Since the moment he was introduced 50 years ago in Harper Lee’s novel, To Kill a Mockingbird, Atticus Finch has represented both an image lawyers crave and a standard that intimidates them.
In honor of that half century of service, we have decided to enshrine him in (perhaps consign him to) his own sanctum sanctorum—as a legal deity too lofty to allow comparison to a Denny Crane or a Patty Hewes. Instead, we’ve asked a few well-known writers and critics to share their thoughts on the gift to lawyers that is Atticus Finch.
I think a lot about Atticus Finch, but mostly due to the contrast to contemporary portrayals of lawyers. Atticus comes from an era when Americans were still willing to think of lawyers as paragons, as Atticus surely is. He is a single father who skillfully raises his kids, and a courageous lawyer willing to represent an innocent African-American accused of an inflammatory crime in a small Southern town in the days of Jim Crow. He is even the best shot in the county and, at least so far as his daughter reports, entirely chaste. Probably because Americans now have so much more interaction with the law and lawyers, they are no longer willing to see lawyers as dramatically more principled than the rest of us, and today’s legal fiction reflects that.
Scott Turow is a novelist and a practicing lawyer. His most recent novel is Innocent.
Network executives typically demand that lawyers be heroic defenders of innocent or ennobled clients. In most episodes, the champions of justice prevail. But legal victories are easy to come by in film and television. It’s a rigged operation. Much harder to find, and to create, are lead characters whose convictions are tempered by their human failings and their vulnerabilities. For me, Atticus Finch is one such powerful role model because his courtroom crusade shares equal weight with his role of father and protector. To Scout, he is not Dad but merely Atticus. A man. He is not always able to protect her just as he is not able to save his client from the angry mob. Atticus is imperfect in both worlds, stumbling at times, humbled by his own inadequacies, yet ultimately triumphant because we, his audience, appreciate his devotion in the face of great obstacles.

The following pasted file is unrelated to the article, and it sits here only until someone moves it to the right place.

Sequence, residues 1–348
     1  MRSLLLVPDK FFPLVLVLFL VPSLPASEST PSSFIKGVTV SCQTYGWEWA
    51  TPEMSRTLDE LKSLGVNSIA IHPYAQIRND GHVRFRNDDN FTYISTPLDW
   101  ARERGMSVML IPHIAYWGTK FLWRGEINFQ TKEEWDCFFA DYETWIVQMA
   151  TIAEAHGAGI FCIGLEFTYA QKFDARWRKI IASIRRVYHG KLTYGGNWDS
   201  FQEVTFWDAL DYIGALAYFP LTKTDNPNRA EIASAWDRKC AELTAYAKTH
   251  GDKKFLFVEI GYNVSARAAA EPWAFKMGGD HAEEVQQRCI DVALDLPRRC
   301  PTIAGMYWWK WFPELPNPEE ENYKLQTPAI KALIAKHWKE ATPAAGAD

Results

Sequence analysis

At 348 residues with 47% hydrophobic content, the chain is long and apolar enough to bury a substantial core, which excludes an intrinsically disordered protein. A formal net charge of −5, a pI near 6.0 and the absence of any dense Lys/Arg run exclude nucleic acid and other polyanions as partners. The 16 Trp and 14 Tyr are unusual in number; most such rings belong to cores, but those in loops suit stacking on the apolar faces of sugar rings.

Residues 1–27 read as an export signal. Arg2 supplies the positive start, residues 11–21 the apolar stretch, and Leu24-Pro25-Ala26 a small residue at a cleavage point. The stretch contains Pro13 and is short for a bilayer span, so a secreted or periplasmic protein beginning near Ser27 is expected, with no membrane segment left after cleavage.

These are character elements to which TV writers, and most viewers, are drawn. The best of these episodes aspire to replicate what Harper Lee and Horton Foote brought to life in Atticus and what every lawyer practicing today should aspire to in their own sphere of practice—humanity.
—Todd Ellis Kessler
Kessler is a writer-producer who has worked on The Practice, Rome, The Unit and The Good Wife.
By any conventional measurement, Atticus Finch was actually a terrible lawyer. He took on an absolutely unwinnable case that he, in fact, knew he couldn’t win. He received no fee for representing Tom Robinson, and ended up paying for the privilege of a lost and uncompensated cause by accepting the scorn of his community and only narrowly escaping a lynch mob. His children were mercilessly taunted at school, yet one of the reasons why he took the case was purportedly for their benefit—he said that he couldn’t parent them if he didn’t represent Tom Robinson. Huh? Some people just don’t take good notes in law school. Or just maybe Atticus operated in a parallel legal universe where the gravitational pull came not from the celestial stacks of a law library but from the moral sphere. Doing what was right was more important than what was merely legally correct. Anyone who passes the bar can file a complaint and go through the motions of a practicing lawyer. But not everyone believes that being a lawyer and being a righteous person shouldn’t be so different, after all.
Thane Rosenbaum is the John Whelan Distinguished Lecturer in Law at Fordham University and director of the Forum on Law, Culture & Society.
Mr. Atticus Finch, Esq.
Dear Mr. Finch:
We regret to inform you that your services as a film hero will no longer be required by this organization.
While this was not an easy decision because of your long-standing tenure, a re-examination of the record fully supports your termination. You were unable to win an acquittal for your client, Mr. Robinson, despite overwhelming evidence of his innocence. While Mr. Robinson was saved from a lynch mob, this was surely not your doing; instead, it was the intervention of your children, who, ironically, you specifically instructed to stay home that evening. Aside from these professional limitations, your parental neglect in failing to shelter Jem and Scout from the hate and ignorance in your community is but another glaring shortcoming. And you no doubt would have acquiesced to the prosecution and imprisonment of a mentally challenged neighbor, one Mr. Radley, had not a law enforcement officer intervened on his behalf.
These are not the acts of a hero, Mr. Finch.
Moreover, it seems foolhardy to persist in revisiting dated injustices that have now been remedied in our open-minded, post-racial society. And in these challenging economic times, no one profits if audiences don’t feel cheerful and reassured as the final credits roll.
If these concerns were not dispositive, it has also come to our attention that you have actually inspired certain individuals to pursue legal careers.
We trust you will find continued service in the literary world, where consumers may still appreciate quaint, out-of-fashion stories and are known to be more forgiving of a hero’s personal deficiencies.
All the best,
The Academy of Motion Picture Arts and Sciences
Richard Sweren is a writer and co-executive producer of the forthcoming NBC series Law & Order: Los Angeles. He spent 14 seasons as a writer with the original Law & Order series, writing or co-writing more than 60 episodes.